It’s rough out there in the tech world in 2023.
Banks are crashing, huge companies are firing people by the thousands, and CFOs are shutting down potential purchases left and right. It’s a lot.
Sales teams are caught smack in the middle of all of this. They have high quotas that seem impossible to reach. They have the threat of being laid off hanging over their heads. Worst of all, they now have to work even more closely with marketing teams to align their priorities, strategies, and workflows.
And everyone knows how annoying it is to work with marketing.
As a sales leader, your numbers may be down, your pipeline may be bone dry, and your hair may be turning grayer as we speak. Which I get. So keeping your composure may be really tough—especially when your company’s board is breathing down your neck.
Getting through a board meeting as a sales leader in 2023 is not a simple thing. But don’t fret.
01. Prep them
Nobody wants to be surprised with a shitstorm.
If your numbers are disappointing, the first thing you need to do is make sure that your board is aware of this BEFORE they actually show up to the board meeting. Because however sucky it is to present a lack of success to the board, it’s even worse to present it to them when they are sitting there with their mouths hanging open and imagining what it would be like to have you fired right then and there.
Speak about the numbers with your CEO and make sure that either you or they communicate the current state of the company to the board privately. If you have a relationship with the board and want to share it directly yourself, great. If not, put it on the CEO to do the dirty work.
02. Tell a story
The board wants to see the numbers—that’s for sure. But there’s sharing the cold, hard numbers, and then there’s sharing the numbers as part of a broader story.
And everybody loves a story.
When presenting your results of the quarter, tie your learnings to your long-term plan and your overall outlook. Nobody knows the company’s sales strategy better than you, so make sure you communicate it well. Then explain how the quarter’s results fit into your broader story for the organization.
Use this opportunity to mention the parts that have been successful in your strategy and how the areas for growth are surrounded by areas that are promising and positive. If you came in behind your quota, explain how your strategy will allow you to make up for it in the future. Offer a strategic perspective on how to incorporate this into your company’s trajectory and how your long-term plan will lead to success.
03. Avoid excuses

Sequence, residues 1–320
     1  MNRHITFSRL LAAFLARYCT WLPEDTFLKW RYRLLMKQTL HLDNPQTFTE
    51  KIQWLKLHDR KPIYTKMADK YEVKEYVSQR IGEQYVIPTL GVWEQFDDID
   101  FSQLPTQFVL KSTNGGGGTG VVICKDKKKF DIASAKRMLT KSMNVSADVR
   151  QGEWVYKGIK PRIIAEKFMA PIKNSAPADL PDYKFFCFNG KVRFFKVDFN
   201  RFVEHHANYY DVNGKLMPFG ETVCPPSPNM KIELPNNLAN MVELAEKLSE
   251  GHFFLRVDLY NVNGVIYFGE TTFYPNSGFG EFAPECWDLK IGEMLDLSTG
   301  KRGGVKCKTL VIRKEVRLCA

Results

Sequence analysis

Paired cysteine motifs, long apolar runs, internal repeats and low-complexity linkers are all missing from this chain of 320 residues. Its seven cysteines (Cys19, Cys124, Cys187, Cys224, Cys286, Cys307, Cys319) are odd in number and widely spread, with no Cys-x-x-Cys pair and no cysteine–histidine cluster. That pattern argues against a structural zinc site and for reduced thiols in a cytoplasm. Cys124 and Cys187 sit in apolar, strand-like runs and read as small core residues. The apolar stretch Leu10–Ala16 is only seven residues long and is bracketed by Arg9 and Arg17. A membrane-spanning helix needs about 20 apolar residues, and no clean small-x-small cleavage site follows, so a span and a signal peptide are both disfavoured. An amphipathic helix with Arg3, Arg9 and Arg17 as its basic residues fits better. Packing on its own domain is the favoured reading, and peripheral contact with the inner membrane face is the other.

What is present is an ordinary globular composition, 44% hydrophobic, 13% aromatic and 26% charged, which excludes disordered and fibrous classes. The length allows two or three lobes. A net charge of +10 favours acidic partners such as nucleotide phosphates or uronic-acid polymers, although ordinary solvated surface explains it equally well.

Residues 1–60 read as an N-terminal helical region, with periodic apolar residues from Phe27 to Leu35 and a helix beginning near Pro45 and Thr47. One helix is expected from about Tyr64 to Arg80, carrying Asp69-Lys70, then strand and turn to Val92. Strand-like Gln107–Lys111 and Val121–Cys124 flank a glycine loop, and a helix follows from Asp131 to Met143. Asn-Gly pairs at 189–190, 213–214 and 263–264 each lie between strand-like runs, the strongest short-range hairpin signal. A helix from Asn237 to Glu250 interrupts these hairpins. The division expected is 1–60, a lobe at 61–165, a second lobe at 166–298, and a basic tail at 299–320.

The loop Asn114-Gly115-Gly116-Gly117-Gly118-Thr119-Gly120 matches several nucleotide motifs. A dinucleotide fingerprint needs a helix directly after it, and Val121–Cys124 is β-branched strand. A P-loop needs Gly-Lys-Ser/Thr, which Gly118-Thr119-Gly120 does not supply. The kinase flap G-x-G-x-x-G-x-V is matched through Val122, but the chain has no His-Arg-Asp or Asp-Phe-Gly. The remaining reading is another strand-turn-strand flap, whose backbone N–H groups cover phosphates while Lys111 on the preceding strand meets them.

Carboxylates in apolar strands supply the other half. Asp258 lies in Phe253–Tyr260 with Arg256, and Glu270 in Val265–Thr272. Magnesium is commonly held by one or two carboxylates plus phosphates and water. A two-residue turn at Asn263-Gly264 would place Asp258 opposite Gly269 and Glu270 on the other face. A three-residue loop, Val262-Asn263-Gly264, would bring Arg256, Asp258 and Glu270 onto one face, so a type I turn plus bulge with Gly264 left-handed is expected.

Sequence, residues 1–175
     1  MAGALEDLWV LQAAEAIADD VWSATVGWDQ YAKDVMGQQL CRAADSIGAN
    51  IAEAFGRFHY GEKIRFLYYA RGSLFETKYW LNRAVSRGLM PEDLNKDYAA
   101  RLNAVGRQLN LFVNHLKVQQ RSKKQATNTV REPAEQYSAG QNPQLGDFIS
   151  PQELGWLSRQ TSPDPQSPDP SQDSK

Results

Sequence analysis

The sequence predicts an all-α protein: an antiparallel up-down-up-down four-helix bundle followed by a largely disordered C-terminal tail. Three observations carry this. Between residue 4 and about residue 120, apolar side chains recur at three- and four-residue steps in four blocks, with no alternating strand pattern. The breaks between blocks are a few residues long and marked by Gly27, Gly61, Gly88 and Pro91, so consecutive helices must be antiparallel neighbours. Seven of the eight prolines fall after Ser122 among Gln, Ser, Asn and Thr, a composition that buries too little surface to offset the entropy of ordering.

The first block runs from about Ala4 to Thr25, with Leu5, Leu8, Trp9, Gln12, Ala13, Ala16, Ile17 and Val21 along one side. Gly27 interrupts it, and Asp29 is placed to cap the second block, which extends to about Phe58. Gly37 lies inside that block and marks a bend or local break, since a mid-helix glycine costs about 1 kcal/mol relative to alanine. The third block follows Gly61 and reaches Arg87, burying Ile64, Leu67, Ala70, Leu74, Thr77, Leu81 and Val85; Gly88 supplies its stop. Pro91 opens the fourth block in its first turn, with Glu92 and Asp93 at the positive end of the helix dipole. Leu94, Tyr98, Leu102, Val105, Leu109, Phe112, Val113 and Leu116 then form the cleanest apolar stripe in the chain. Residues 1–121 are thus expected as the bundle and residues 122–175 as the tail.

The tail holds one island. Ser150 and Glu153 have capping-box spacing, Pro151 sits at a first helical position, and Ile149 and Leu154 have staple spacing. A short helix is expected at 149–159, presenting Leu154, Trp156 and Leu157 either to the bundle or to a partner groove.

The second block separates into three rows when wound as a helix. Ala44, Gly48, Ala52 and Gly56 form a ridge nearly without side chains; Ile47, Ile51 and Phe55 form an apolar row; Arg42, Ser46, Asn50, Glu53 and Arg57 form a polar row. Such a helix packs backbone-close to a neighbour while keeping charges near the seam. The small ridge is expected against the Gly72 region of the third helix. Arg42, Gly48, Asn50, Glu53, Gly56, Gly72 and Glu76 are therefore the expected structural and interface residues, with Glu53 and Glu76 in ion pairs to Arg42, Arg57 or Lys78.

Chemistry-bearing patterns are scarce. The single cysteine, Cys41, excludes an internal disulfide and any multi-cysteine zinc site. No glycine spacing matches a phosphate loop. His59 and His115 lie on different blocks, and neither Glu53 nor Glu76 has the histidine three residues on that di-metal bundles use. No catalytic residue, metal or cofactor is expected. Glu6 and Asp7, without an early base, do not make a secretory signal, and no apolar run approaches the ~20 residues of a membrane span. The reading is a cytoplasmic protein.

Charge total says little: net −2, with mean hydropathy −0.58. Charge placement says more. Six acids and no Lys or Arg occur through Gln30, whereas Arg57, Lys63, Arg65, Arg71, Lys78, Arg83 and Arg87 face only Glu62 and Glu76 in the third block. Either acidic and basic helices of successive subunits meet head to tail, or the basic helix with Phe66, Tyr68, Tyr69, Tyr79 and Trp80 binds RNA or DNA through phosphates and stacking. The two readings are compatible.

Nothing is more annoying than someone who makes lame excuses. So don’t bust out a “the dog ate my leads” to explain why you only hit 50% of your target.
As tempting as it may be to blame the government, the alignment of the stars, or even the Illuminati, it’s important to take ownership of your results so that the board can trust that you are on top of your job.
Own up to the challenges you faced, the mistakes you made, and the lessons you were forced to learn. Even if the numbers are disappointing, owning it will help inspire some confidence that you will be able to steer the team through it.
04. Have a plan
If you got yourself into a mess, you sure as hell need to have a way out of it.
Do your homework and come to the meeting armed with a thorough plan on how to fix whatever issues came up over the last quarter. Be ready to explain exactly how you plan to move forward and recover from the issues you faced.
Ideally, you should be explaining how you are already mitigating your mistakes. Show even small areas for hope. This doesn’t mean you should gaslight your board members into thinking everything is positive when it isn’t, but it’s important to explain how the company will recover in the short and long-term.
Because everything will be ok in the end! Right? RIGHT?!
05. ABM (Always Blame Marketing)
When all else fails, it’s time to pass the blame along to someone who really deserves the heat: marketing.
They literally sit in the office drinking fancy lattes and playing on Canva and somehow SALES is the problem? It’s time that smug bunch of art-school dropouts finds out what it’s like in the real world.
So tell your board that the real problem here is that the marketing department is wasting precious resources on renting squirrel costumes and filming TikToks. Tell them all about the huge amount of time they spend creating memes and photoshopping their teammates’ heads onto silly pictures.
Do I sound bitter? Can’t be.
The truth is that I personally never had to actually use any of these tactics because ever since I started at Walnut, I have always reached my goals (allegedly). But regardless, these are realities that no one can ignore in today’s market.
Surviving board meetings during a downturn can be a daunting task for any of us. That’s why it’s important to remember to focus on the facts rather than the opinions, to be honest about your learning, to stay positive, to show leadership, and to, of course, blame marketing.
Now, just so you all know, I would never dare to apply the last tip since our marketing team kills it, and without them, I probably wouldn’t be here to write this article. In fact, it might even have been a brilliant marketer from the company who translated my ideas into words. You will never know.
But one thing is certain—this was not written by AI.
(Humans, surrender peacefully.)